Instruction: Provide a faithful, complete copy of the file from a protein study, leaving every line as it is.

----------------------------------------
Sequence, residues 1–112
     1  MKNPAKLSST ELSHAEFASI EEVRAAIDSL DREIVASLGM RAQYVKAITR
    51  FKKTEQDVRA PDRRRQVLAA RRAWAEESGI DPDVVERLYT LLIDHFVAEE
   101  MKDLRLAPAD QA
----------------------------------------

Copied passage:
Sequence, residues 1–112
     1  MKNPAKLSST ELSHAEFASI EEVRAAIDSL DREIVASLGM RAQYVKAITR
    51  FKKTEQDVRA PDRRRQVLAA RRAWAEESGI DPDVVERLYT LLIDHFVAEE
   101  MKDLRLAPAD QA